I’ve completed a touch-table version of the board game Village.
Village has an interesting mechanic where you manage the life and death of your workers. All your workers start as farmers and can be trained as specialists. Actions take “time” to perform, and when enough “time” has passed, a worker dies. A limited number of each type of worker is rewarded with fame and victory points upon death while the rest get an anonymous grave. The key is making the best use of your workers and their time while trying to arrange a good death.
This game was similar in size to Age of Discovery. There were two parts of this project that were time consuming. The first was just the number of different actions that a player can take on their turn. There were just lots of (relatively easy) cases to implement. The second difficulty was for the “Inn” expansion. That expansion added a lot of unique cards to the game that the players can buy and use. Each card needed to be coded. So again, a lot of fairly simple cases to implement.
I was able to re-use all the standard code, along with my map code from Concordia.
As you can see, the screen is pretty full. The game takes up a lot of room on the table too. It felt like I spent more time than average laying out the graphics for this game. Honestly though, it always takes a long time to do the graphics for a game. It used to be something that I really disliked, but as I get used to Photoshop and Unity, I’m enjoying it more. Now my least favorite part of the game is audio and animations.
I used our standard event system to perform the actions in this game. The event system is great, but doesn’t really help with managing game state.
In most games I have an enumeration of game states, and data about the state of the game is stored in either the player or game class. This works well for games with relatively simple state. After doing Age of Discovery, I knew that it would have been better to have a full state machine or at least a set of state classes. I haven’t done that for any of my games, so I decided to try it out for this one.
I didn’t make a full state machine, but I did make a set of classes to store what state the game is in and any data that I need about that state. When I had an enumeration, it was easy to check what state the game was it. I had lots of code that looked like:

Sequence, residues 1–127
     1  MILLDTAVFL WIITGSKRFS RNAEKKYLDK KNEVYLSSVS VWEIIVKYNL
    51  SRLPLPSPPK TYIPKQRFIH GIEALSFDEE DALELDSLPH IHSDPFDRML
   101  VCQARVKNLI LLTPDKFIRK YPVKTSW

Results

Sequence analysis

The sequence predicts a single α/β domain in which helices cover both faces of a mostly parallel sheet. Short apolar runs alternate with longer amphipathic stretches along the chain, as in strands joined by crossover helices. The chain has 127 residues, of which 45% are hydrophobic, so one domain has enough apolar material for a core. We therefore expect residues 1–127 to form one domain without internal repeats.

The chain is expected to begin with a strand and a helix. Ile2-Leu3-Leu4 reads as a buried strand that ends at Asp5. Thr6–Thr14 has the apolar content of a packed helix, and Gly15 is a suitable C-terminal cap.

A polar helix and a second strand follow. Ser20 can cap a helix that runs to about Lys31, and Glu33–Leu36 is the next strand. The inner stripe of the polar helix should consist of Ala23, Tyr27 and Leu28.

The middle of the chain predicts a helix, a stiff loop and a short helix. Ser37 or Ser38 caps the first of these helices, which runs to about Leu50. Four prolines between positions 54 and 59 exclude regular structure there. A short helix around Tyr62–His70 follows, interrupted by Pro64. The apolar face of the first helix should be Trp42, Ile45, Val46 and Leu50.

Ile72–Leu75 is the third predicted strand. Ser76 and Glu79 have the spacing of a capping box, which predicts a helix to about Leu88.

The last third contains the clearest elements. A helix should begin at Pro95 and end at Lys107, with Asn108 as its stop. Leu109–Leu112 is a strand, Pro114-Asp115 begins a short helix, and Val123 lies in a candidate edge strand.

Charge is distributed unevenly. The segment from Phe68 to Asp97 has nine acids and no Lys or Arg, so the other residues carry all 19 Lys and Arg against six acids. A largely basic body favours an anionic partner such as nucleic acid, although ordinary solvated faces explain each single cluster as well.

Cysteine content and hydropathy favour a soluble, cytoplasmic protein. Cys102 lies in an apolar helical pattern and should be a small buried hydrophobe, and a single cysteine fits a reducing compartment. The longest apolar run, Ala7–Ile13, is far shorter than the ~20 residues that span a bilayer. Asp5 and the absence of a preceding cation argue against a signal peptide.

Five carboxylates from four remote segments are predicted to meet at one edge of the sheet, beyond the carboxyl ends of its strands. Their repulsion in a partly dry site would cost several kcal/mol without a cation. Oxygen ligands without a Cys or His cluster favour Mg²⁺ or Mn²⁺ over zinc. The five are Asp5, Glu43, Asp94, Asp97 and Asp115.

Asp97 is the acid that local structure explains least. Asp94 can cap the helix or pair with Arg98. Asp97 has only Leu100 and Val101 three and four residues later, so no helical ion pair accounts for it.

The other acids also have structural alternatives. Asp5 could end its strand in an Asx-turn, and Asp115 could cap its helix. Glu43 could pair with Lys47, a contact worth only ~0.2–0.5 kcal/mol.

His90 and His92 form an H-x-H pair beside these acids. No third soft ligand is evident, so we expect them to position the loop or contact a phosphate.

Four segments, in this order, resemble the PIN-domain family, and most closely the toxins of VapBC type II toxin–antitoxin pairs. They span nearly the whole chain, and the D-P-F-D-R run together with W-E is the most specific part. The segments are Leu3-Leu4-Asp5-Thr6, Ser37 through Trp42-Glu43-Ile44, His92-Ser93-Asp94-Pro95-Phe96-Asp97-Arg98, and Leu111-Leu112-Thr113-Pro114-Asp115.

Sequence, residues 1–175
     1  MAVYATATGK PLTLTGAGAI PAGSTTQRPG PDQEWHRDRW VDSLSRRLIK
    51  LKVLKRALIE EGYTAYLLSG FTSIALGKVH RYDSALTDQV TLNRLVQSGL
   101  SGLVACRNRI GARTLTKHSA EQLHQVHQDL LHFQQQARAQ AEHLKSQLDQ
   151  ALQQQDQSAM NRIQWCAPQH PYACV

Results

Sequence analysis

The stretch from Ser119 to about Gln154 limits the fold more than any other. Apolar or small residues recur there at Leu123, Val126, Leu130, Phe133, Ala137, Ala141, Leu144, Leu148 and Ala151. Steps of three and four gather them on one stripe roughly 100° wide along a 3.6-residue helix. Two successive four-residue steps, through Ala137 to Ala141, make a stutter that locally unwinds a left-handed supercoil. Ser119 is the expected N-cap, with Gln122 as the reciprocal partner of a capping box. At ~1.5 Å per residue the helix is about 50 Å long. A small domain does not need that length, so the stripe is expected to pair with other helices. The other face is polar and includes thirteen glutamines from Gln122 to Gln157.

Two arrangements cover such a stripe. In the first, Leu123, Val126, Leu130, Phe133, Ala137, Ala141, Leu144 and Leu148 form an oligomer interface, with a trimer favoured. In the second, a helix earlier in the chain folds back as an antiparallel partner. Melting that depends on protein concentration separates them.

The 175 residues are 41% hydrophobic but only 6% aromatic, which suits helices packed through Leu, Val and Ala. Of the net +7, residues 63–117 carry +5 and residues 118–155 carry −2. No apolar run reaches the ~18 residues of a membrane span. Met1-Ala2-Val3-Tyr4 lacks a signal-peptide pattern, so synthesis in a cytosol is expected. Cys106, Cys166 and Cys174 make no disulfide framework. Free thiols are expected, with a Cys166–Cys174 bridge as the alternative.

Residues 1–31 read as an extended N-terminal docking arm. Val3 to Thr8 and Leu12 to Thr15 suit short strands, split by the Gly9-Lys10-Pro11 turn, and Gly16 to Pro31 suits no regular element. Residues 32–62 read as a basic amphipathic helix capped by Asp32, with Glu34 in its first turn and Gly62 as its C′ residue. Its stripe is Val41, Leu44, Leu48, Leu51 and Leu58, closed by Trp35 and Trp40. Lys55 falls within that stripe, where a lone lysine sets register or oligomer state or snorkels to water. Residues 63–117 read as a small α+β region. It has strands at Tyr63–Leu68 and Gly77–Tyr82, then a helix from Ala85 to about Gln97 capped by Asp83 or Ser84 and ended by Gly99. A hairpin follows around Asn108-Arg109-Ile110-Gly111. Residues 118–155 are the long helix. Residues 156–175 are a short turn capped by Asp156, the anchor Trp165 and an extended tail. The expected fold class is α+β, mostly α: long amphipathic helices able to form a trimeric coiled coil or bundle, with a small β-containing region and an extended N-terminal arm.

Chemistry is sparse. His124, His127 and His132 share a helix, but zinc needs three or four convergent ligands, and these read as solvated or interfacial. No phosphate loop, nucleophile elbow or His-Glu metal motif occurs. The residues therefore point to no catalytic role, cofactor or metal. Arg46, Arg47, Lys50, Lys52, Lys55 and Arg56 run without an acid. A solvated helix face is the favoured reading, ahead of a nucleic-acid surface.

if ( Game.theGame.CurrentState == Game.StateType.PickAction && Game.theGame.ActionArea == Game.ActionType.Travel)
Now that I was keeping a stack of classes to represent the state, I was going to have code that looked like
if ( Game.theGame.StateStack.Count > 0 && Game.theGame.StateStack is GS_PickAction && (Game.theGame.StateStack as GS_PickAction).ActionArea == GS_PickAction.ActionType.Travel )
That may not look like a big difference, but I ended up writing a line of code similar to that 125 times in this project. So to save some typing, I added some templated convenience functions and ended up with if checks that looked like:
if ( Game.theGame.isCurrentState<GS_PickAction() && Game.theGame.CurrentState<GS_PickAction>().ActionArea == GS_PickAction.ActionType.Travel )
I think that having state classes is probably a good idea. It keeps the model code cleaner since I don’t have to keep adding member variables for storing state details.
For Village, I made events that were not state dependent but were instead action dependent. So instead of having an event for picking a worker to kill, picking a worker to train, and picking a worker to activate, I had one event called PSelectWorker that then checked the state of the game and did different things.
Unfortunately, that made my events grow larger and larger as I added each part of the game. The event classes ended up being too complex and difficult to maintain. Instead, I should have put a lot of the event functionality into the state classes. So I’d still have a PSelectWorker event, but the event would then ask the current state to handle the selection of a worker.
Next game I will try this method.
Hours and Lines of Code
At 85 hours, Village is a standard “large” project. This is probably my favorite length for a project. It is long enough to feel like a big game and have interesting challenges, but not big enough so that I start forgetting how I implemented things in the middle of the project.
I was able to reuse some art assets from other games and the rest of the assets were fairly easy to find. As usual, I used thenounproject for most of the art and Unity assets for the audio.
|Task||Time||Percent||Percent in Age of Discovery|
|Asset creation||7 hr||8%||12%|
|GUI layout||28 hr||32%||24%|
To get an estimate for the lines of code created by Unity for GUI layout, I estimated that each hour of coding created 87 lines of new code. At that rate, the time I spent on the GUI would be 2443 lines of code. So the GUI layout and Coding tasks are further broken down by what type of code they create:
|Task||Lines||Percent||Percent in Age of Discovery|
At 5847 lines of code and 85 hours, this project was very similar in size to Age of Discovery. That makes it a large game – maybe a bit larger than I expected it to be. But not nearly as large as a very complex game like Caverna or Terra Mystica.
It is also really nice to be able to re-use so much from other projects. I started the GUI for this project by copying the layout from Age of Discovery. This gave me a lot of the main menu, camera, canvases and controller setup for free. But I did have to spend a bit of time cleaning up the rest of the GUI.